And Now……We Have a Logo!

When Nora and I started this journey, it was simply to chronicle the two of us finding love in comics and sharing a hobby together. We have achieved that and our love for each other and comics grow more and more each day. One of the best things that came out of starting Noggin Comics, is finding a place in the comic community and the relationships that we have created over the last couple years. On May 27th, the kindness of the comic community shined bright as a great friend gifted us with something that was much needed….. a logo!

Created by the amazing artist Jaime Coker and his wife Trisha (she deserve so much love) this logo is a perfect representation of Noggin Comics. The brain represents me, no thats not saying I am genius or anything in a cocky nature. The brain ties into the name Noggin but it also represents the idea of constant thinking and growth. The glasses represents Nora, as she is the geek and wears the glasses (she would say wear the pants as well) in the relationship, I joke. The glasses allow a perfect blend of the two of us. With the brain and glasses looking into a comic book, it crafts an idea of who we are.

This logo not only represents us, but I believe it represents the comic community as a whole. This logo shows the kindness and friendships that come from this community. There is seriously no other community like the comic community.

Thank you so much for creating this logo Jaime and Trisha. It will always be a part of us!

MPLS Sound Proves the Sound Will Live on Forever

When asked what is your favorite Prince song? I struggle to answer that question, it changes every day. One day, it could be “Partyman” from the Batman soundtrack and the next day it would be “The Morning Papers” from the Love Symbol album. As a Minnesotan, a day does not pass by without being influenced by Prince and to be honest the last five years Minnesota has not been the same. When it comes to Prince and comics, there is a connection that goes beyond his soundtrack for Batman. The late great Dwayne McDuffie and the amazing Denys Cowan worked on Prince comics and in the upcoming Batman 89′ series, a character based off of Prince’s design from “Partyman” and “Batdance” music videos. But, no other graphic novel or comic has ever captured what Prince meant to Minnesota and music as well as MPLS Sound.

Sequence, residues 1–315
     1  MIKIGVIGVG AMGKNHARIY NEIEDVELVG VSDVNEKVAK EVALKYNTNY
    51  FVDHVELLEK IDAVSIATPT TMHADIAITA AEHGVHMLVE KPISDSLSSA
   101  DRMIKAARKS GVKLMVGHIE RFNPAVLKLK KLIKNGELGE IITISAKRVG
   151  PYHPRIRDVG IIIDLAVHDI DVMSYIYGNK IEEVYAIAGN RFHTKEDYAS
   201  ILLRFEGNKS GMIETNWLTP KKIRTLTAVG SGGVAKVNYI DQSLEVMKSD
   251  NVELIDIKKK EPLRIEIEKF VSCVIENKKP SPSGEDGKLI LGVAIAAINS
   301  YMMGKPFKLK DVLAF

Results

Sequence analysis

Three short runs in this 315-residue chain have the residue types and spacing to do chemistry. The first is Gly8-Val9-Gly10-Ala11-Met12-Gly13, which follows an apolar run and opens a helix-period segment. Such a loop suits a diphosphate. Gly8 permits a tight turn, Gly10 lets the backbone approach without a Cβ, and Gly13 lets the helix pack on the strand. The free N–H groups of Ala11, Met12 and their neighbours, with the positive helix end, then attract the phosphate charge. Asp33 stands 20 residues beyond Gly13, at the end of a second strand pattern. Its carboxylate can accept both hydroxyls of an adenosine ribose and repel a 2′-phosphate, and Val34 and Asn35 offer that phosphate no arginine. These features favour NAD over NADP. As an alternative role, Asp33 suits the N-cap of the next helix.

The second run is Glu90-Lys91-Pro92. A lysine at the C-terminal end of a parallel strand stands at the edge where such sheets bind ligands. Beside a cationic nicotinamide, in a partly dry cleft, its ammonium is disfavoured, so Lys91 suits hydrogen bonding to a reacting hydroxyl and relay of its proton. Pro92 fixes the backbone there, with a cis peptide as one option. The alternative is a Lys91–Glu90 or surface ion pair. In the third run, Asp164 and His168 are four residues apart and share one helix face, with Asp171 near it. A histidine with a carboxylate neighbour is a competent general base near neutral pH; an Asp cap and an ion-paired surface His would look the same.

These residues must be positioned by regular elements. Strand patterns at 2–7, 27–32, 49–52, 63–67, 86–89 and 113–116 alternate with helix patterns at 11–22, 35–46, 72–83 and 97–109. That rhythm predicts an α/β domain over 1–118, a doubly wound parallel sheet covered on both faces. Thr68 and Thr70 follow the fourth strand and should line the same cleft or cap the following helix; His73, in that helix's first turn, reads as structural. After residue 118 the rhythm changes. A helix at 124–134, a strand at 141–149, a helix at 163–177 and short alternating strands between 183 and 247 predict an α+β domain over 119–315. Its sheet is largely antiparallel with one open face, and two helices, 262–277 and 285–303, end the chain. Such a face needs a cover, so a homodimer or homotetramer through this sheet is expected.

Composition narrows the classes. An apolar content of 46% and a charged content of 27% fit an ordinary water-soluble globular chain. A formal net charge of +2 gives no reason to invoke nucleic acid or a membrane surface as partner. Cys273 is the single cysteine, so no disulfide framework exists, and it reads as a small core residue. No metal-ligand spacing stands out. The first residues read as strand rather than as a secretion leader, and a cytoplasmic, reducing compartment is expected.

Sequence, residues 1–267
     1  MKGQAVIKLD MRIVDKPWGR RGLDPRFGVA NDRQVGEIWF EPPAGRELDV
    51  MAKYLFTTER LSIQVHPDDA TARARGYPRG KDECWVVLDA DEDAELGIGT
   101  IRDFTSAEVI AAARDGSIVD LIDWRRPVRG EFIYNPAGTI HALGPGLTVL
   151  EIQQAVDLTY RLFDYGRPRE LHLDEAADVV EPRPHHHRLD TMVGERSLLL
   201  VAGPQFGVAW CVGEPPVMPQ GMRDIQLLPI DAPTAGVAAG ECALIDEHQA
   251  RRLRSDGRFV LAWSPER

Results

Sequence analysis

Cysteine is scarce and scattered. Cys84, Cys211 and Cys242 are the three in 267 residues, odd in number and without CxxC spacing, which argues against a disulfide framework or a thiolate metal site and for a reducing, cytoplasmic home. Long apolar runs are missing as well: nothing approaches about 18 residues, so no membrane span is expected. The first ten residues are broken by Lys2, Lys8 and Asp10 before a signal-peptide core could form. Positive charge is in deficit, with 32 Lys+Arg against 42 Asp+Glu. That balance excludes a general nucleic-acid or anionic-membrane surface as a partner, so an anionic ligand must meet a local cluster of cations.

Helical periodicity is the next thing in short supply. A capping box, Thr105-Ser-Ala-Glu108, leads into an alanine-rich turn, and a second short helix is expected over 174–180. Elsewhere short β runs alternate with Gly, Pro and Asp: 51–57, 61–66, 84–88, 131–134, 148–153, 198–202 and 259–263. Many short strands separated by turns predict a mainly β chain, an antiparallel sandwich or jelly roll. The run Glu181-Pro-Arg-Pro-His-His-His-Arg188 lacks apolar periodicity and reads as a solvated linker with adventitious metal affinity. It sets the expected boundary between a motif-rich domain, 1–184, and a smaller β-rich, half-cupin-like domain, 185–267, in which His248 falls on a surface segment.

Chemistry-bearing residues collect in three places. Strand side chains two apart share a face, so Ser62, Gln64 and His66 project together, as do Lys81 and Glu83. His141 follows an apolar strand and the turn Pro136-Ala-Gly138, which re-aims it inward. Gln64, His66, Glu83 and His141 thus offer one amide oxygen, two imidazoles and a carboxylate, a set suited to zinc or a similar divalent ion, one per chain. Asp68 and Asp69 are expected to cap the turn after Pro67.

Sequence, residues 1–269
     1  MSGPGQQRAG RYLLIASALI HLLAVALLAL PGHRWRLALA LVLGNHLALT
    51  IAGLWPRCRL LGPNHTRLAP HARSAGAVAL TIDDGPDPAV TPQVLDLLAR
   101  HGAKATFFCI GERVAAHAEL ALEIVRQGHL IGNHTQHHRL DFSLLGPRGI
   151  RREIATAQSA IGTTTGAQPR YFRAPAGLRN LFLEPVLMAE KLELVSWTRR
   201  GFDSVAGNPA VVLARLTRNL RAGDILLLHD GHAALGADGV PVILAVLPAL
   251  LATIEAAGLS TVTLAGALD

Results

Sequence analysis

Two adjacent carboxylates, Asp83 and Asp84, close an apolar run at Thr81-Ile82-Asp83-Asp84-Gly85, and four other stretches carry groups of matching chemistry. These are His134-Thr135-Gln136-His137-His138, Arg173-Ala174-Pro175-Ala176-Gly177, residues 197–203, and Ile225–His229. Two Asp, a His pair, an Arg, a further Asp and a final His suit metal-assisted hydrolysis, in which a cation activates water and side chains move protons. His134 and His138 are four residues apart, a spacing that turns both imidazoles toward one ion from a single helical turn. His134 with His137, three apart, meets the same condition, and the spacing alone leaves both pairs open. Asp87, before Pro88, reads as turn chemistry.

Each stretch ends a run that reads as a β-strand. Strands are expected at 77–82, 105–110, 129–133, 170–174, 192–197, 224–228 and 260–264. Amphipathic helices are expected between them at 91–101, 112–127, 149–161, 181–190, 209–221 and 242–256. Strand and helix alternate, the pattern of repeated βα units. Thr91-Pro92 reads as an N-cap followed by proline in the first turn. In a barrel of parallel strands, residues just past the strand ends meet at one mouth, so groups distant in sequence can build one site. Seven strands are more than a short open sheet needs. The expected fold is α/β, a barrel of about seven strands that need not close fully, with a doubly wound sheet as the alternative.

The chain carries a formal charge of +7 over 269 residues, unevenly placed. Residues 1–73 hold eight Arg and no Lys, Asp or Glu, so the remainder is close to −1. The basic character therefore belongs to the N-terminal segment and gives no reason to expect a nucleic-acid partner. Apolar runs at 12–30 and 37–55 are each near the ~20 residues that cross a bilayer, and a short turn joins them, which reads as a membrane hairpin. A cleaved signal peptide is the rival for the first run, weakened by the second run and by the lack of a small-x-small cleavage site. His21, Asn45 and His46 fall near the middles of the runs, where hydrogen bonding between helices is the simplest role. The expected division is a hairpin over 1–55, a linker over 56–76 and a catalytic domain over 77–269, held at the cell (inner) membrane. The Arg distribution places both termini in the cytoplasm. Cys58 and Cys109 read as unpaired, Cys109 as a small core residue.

Life Drawn by Humanoids, Jen Bartel

Co-writers Joseph P. Illidge and Hannibal Tabu and artist Meredith Laxton create a fictional tale in an environment and era of music that proves to be perfect for a graphic novel treatment. Growing up in Minnesota, the Minneapolis sound has influenced the music that comes out from our state. Let’s be honest, while you are listening to “Juice” by Lizzo or “Uptown Funk” by Bruno Mars or anything by Janelle Monáe, you are hearing hints of Prince and the Minneapolis sound. MPLS Sound is able to capture that with the creation of the band Starchild.

After a very well written forward by Josh Jackson, the co-founder and president of Paste Magazine, we are introduced to Starchild, a band filled of all different personalities and provides a great reminiscence of The Revolution. Theresa, the lead singer who comes across a poster for Prince’s Controversy while walking home from the market, feels inspired to create a band herself. Joined by her church choir singer Ezzie, rock musician and guitarist James, Dani the drummer that has never been apart of a band, the keytar player Slim, a classically trained pianist that loves Funkadelic, Lizzie and Theresa’s brother Ellis on bass.

Meredith Laxton, MPLS Sound

MPLS Sound tells the story of how a band found success during the eighties in Minneapolis, with Starchild having to create a record to get on the radio and catching the eye of the purple yoda himself. As the band continues to find success, they have battle of the bands with Morris Day & The Time. (for those who didn’t grow up in Minnesota or on Purple Rain, they are the band at the end of Jay & Silent Bob Strike Back) After giving a hell of a performance and a night that Morris Day would never forget.

After being giving the chance of a lifetime, Starchild has to choose between fame or keeping their identity. In a story that felt like a tribute to Prince, turns into a story that would make Prince proud with the theme of staying true to yourself. The creative team could have spent the whole time focusing on Prince, but they did the complete opposite and that is a major benefit for the story. The Minneapolis sound is truly the main character of this story and Prince is only in the book for a few panels despite playing a major part in the story.

By the time the story was over, I was attached to every character and at certain points felt a tear rolling down my face. Joseph P. Illidge and Hannibal Tabu’s script has great pacing and they truly created great characters. The only problem that MPLS Sound has is the fact that it could have added more pages for character development and the desire of more story. It’s not a bad problem to want more from a story.

I do wonder how much I would love this book if I was not a Minnesotan and a giant fan of Prince. But the cover alone from Jen Bartel (also a Minnesotan) should recommend this graphic novel to anyone. So throw on your favorite Prince album, find some purple tinted lights and read this book!